Fried chicken, dumplings and mac and cheese...trifecta of deliciousness.

Fried chicken, dumplings and mac and cheese…trifecta of deliciousness.

The other De Angelis went with fried chicken (because really, when in Rome…), mac and cheese and dumplings. The chicken, a giant, hulking affair of crispy, crunchy skin and tender white meat paired well with the softer, creamier sides. The dumplings, thick and soupy in their gravy like sauce were like the ooey, gooey, cheesey mac and cheese in rich, over the top southern goodness.

Peach cobbler, cause there's always room for something sweet.

Peach cobbler, cause there’s always room for something sweet.

Finally, even with all of that in our systems, we squeezed in dessert: a shared portion of Georgia peach cobbler. Unlike the cobbler I ate in bed back at the hotel, this one was all fruit, no crust. It was good, the stewed, spiced peaches soft and warm, but definitely could’ve used at least a little bit of ice cream. Cause hell, after you’ve had that many calories, what’s another couple hundred?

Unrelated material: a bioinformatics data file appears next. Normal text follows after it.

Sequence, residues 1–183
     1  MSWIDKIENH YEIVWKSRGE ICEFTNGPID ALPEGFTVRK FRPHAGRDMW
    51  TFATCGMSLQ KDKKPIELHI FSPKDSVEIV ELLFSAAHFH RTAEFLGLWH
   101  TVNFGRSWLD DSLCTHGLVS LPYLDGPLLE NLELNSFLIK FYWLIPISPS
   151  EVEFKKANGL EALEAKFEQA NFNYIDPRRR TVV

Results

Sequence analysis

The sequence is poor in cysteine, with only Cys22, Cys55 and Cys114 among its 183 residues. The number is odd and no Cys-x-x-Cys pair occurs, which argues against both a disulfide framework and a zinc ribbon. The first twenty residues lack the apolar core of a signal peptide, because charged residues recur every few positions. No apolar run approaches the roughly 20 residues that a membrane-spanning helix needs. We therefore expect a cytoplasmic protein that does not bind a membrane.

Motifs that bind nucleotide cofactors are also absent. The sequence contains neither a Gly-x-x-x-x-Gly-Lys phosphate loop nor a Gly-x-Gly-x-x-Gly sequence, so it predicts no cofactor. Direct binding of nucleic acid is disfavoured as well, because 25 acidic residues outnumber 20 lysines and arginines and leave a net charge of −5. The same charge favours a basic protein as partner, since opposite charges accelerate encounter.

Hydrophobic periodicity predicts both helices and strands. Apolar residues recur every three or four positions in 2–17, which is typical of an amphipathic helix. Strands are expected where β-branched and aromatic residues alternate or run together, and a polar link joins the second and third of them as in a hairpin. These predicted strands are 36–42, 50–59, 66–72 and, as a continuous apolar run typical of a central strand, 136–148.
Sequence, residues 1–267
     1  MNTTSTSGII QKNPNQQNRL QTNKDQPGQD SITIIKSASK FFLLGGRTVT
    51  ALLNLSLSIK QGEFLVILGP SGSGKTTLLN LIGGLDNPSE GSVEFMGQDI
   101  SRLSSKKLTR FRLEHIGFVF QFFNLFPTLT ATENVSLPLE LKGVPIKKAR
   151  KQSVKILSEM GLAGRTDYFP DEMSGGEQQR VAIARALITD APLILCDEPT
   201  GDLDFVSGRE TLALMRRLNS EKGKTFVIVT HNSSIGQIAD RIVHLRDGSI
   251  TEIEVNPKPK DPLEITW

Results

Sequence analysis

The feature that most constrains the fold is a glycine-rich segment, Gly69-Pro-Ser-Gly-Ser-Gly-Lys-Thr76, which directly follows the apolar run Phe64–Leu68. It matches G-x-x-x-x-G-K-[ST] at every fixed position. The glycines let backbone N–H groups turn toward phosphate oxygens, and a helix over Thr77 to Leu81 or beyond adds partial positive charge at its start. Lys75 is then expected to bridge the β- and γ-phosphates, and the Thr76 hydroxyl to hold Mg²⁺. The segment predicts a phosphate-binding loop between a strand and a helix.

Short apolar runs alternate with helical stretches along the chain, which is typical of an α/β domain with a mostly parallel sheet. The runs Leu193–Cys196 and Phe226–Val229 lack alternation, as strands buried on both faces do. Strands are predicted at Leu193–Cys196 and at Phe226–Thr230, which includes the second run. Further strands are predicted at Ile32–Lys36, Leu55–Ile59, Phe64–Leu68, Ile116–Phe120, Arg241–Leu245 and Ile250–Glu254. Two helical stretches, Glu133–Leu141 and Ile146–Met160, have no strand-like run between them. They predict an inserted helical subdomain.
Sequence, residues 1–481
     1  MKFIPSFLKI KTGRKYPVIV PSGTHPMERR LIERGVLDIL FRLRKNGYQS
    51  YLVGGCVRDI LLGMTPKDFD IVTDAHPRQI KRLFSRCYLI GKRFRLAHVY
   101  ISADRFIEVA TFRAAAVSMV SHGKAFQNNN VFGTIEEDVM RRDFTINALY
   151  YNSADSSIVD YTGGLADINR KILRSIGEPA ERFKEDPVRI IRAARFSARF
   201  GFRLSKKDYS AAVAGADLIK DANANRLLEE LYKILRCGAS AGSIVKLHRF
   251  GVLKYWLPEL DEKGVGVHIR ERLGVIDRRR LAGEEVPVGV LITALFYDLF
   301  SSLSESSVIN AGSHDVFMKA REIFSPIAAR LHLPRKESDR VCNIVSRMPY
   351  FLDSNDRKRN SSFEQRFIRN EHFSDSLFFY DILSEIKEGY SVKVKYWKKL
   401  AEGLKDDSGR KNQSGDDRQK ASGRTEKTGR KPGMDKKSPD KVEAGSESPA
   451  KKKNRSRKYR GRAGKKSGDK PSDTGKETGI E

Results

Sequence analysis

We left completely stuffed, ready for deep, long naps, and happily bordering on discomfort by the amount of good ol’ Georgia comfort food we put back.

Mary Mac's Tea Room on Urbanspoon

Alive and well…fed

I’m back! Here I mean. Back to blogging!

I did that thing where I kind of disappear from the ol’ bloggity blog and keep thinking about how I need to get back to it, and then I just keep procrastinating, and stockpiling food pics, and  feeling bad about not writing and then BAM! I get my act together and I come back.

So yea, here I am.

So where’ve I been? Oh, around. Getting properly settled into my new apartment, working, hosting out of town friends, spending a weekend in Atlanta with my sister, and most recently, traveling to the Dominican Republic for a good friend’s destination wedding. All of that with the usual gallivanting in between.

Peach cobbler? Good. Peach cobbler in bed? Great!